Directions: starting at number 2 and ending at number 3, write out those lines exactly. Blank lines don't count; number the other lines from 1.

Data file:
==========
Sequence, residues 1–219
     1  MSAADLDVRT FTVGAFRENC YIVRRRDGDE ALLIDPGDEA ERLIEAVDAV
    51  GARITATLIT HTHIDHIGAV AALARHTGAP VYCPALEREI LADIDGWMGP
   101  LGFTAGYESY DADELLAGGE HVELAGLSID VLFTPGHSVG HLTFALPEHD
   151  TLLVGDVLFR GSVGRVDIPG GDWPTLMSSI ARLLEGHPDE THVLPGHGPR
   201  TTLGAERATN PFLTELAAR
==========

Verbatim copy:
     1  MSAADLDVRT FTVGAFRENC YIVRRRDGDE ALLIDPGDEA ERLIEAVDAV
    51  GARITATLIT HTHIDHIGAV AALARHTGAP VYCPALEREI LADIDGWMGP